ABI Funds Study to Test Effectiveness of Financial Education on Distressed Consumers
Alexandria, Va. — The American Bankruptcy Institute (ABI) Anthony H.N. Schnelling Endowment Fund has commissioned a study to test whether original, re-conceived consumer education materials have a positive effect upon the financial health of struggling individuals. Profs. Lois R. Lupica of the University of Maine School of Law, D. James Greiner of Harvard Law School and Dalié Jiménez of the University of Connecticut School of Law will be conducting the research. The empirical study “allows us to link the dollars spent on various legal interventions and the incidence of bankruptcy filings,” according to the researchers.
The study will be conducted over a two-year period and will examine 1,200 consumers who have been sued in credit card debt-collection proceedings in state courts. It will focus on the outcomes of three different means of assisting low-income persons in financial distress: (1) the provision of pro se educational materials (of original design); (2) an offer of assistance from a lawyer; and (3) financial education. “These pro se materials were developed in the recognition that there is a difference between having access to available information and being able to deploy this information,” according to the researchers.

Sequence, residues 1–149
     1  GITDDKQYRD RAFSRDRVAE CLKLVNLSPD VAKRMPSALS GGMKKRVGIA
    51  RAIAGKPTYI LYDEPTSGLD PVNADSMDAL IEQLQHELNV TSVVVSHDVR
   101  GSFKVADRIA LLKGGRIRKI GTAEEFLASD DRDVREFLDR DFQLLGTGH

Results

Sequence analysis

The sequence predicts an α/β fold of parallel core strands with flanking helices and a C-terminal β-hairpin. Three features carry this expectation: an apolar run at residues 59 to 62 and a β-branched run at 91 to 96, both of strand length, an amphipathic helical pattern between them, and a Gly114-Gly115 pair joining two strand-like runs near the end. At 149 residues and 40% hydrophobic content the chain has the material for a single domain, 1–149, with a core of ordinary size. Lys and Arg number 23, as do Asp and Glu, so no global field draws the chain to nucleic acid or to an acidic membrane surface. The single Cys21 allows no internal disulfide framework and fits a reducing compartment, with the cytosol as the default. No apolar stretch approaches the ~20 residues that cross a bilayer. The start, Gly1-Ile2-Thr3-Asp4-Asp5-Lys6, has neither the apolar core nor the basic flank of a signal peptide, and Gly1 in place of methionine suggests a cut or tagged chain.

The proposed educational materials to be utilized in the study cover a range of financial problems faced by consumers, including information addressing how to:
1) litigate a debt-collection action;
2) negotiate with creditors;
3) clean up a credit report;
4) address medical debt;
5) address utility debt;
6) file a successful chapter 7 bankruptcy case; and
7) bring an adversary action to challenge the nondischargeability of student loans.
Additionally, the researchers will test the effectiveness of statute-mandated financial counseling against “placebo” financial counseling.
“The study findings will provide important support for ABI’s mission to better understand the bankruptcy system, as well as for CARE’s [Credit Abuse Resistance Education] initiative to improve financial literacy,” according to the researchers.
Additional funding for the study is provided by the National Science Foundation, the National Conference of Bankruptcy Judges and the Sears Consumer Protection and Education Fund.
Created in 1989, the ABI Endowment Fund provides a secure financial base for insolvency research and education. Projects eligible for funding include research relating to bankruptcy or insolvency; surveys or other analytical investigation; the education of judges, court personnel, other governmental personnel and the general public; scholarships or other educational grants; and any other projects with a material research or educational benefit to the bankruptcy and insolvency community. More than $2 million in grants and scholarships has been awarded.
ABI is the largest multi-disciplinary, nonpartisan organization dedicated to research and education on matters related to insolvency. ABI was founded in 1982 to provide Congress and the public with unbiased analysis of bankruptcy issues. The ABI membership includes more than 12,000 attorneys, accountants, bankers, judges, professors, lenders, turnaround specialists and other bankruptcy professionals, providing a forum for the exchange of ideas and information. For additional conference information, visit http://www.abi.org/calendar-of-events.